Putting play in play

"A chance to be the monkey on the bars before committing the adult version of it."

By Jim Dees

A Jan. 30 Oxford Citizen story by Errol Castens reported that many students in the Oxford School District no longer have recess.<>

One parent was quoted as saying, “There’s basically just no recess for this age group, [grades 5 through 8]. The kids, even when they get to school, aren’t allowed to talk – they have to sit – at least at our school.

“Free time at even younger grades is being taken away to complete assignments and do work.”

I don’t have children in school - or anywhere else - but I am familiar with play and child-like behavior, I’ve exhibited both recently. While school isn’t a social hour it seems a little harsh to herd kids around like mute cattle. Are we raising citizens or inmates? Even murder trials have recess. Taking a break is as old as daydreaming. All work and no play makes Jack an online sociopath.

I’m sure educators who believe in little or no recess and a ban on talking have studied school behavior and believe they know best. (One imagines for teachers there are times when the ‘no talking’ edict is a Godsend.). But studies also show the importance of recess. A chance to be a monkey on the bars before committing the adult version of it.

According to Castens’s story, a group of concerned parents addressed last week’s meeting of the Oxford School Board to ask for recess for the 5-8 grades. One even quoted a National Public Radio story: ‘If you want a child to be attentive and stay on task, and also if you want them to encode the information you’re giving them in their memory, you’ve got to give them regular breaks.’ (That was always my problem in school, encoding information in my memory.) The board took in the group’s concerns. Board President Whitney Byars told them the board was open to discussion on the topic, and thanked them for coming.

“Sometimes I get discouraged,” the story quoted Byars, “because a lot of times we have a school board meeting, and there are about 10 of us in here.”

There’s a reason for that. I worked the school board beat as a cub reporter and I can tell you watching paint dry is the Super Bowl compared to a school board meeting. But it works: Oxford schools are continuously among the highest rated in the state and those board members are getting the job done. But back to recess- Lack of a fence at the school was also cited as a reason for no recess. Presumably the students might get a whiff of freedom – like being able to talk - and make a run for it. Or, John Q. Weirdo could stroll onto the playground unchecked. Armed guard towers might be a tough sell but what about drones equipped with Tasers?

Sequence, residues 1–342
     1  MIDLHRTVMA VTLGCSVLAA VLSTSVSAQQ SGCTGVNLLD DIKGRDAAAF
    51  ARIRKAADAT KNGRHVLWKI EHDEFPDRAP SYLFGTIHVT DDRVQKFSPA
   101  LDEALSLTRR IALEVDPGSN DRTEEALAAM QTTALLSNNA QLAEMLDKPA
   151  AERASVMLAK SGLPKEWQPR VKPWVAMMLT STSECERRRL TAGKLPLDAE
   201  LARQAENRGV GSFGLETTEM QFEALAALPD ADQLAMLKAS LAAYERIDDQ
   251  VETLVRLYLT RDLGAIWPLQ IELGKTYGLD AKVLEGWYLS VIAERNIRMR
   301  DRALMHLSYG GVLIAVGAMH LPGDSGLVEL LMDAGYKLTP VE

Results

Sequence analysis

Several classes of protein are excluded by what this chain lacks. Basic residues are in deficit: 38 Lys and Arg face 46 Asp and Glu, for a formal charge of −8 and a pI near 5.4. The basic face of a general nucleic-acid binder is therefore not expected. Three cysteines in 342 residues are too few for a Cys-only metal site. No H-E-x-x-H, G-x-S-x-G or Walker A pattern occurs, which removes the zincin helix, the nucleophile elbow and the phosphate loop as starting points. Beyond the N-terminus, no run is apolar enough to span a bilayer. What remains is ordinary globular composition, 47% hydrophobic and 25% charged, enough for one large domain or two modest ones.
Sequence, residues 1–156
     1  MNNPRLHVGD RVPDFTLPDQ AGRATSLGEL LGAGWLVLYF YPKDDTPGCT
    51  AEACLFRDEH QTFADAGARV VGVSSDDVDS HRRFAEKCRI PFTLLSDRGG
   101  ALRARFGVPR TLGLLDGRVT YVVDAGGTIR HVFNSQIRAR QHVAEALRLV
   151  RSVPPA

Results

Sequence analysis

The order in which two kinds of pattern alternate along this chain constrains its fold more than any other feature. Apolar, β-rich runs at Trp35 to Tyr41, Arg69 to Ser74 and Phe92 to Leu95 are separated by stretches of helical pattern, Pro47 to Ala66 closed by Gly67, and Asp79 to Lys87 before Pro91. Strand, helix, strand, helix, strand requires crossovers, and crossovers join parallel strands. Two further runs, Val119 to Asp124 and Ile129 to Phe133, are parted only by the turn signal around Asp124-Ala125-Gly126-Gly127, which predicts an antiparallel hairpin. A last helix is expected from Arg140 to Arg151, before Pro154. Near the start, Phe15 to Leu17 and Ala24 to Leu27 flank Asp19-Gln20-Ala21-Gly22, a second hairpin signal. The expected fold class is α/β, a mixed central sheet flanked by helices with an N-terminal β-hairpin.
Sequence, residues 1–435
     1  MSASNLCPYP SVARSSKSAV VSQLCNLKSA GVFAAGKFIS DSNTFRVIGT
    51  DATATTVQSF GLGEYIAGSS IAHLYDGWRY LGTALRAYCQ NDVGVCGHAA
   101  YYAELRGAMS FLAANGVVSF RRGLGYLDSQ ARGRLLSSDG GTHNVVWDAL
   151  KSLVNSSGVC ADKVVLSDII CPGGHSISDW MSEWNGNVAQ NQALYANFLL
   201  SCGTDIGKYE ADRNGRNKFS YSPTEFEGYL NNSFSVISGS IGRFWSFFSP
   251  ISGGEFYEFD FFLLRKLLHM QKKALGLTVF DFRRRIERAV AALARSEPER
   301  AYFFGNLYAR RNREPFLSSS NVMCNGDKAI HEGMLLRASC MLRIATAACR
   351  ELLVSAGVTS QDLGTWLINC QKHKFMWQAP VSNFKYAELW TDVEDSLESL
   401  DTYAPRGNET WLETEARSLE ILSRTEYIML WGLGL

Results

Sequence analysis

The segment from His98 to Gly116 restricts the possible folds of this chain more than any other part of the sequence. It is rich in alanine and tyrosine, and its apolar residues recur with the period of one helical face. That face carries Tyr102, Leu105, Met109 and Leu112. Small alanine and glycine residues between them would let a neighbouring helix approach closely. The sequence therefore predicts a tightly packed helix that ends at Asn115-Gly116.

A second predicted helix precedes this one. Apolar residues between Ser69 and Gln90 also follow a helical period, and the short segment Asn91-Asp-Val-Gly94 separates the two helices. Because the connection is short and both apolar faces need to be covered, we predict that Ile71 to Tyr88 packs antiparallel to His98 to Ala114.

The New York Times reports in some cities recess has been cut back to avoid injuries and to allow more time to improve test scores. Scholastic magazine theorizes “under No Child Left Behind districts were under pressure to show academic progress. Others eliminated recess because of concerns about safety, lack of supervision, and subpar playground equipment.” The Times reported one student complained that as punishment, her recess was revoked and she was forced to watch anti-bullying videos. Just who is the bully here?

I suppose times have changed since I was recess-loving-lad back in the Ozzie and Harriet days of yester-century. But kids haven’t changed that much. They still have buzzing energy that is either harnessed or will explode in unwanted ways. A child needs to run and, yes, fall down, and get back up and run even faster. Children, like adults, need to go crazy or it will drive them nuts.

Anything that gets our youth outside around trees and grass can only be helpful. It would be cool if they had to leave their phones inside. This locked in, sealed-tight generation will be running the country soon enough. I’d much prefer their frame of reference include a love of outdoors and burning off steam than that of an information-encoding zombie.

Childhood is fleeting enough. Let little persons enjoy these years of free rent and new clothes with some shred of abandon before the cruel reality of bill-paying adulthood puts the hammer down.

Ring that recess bell.

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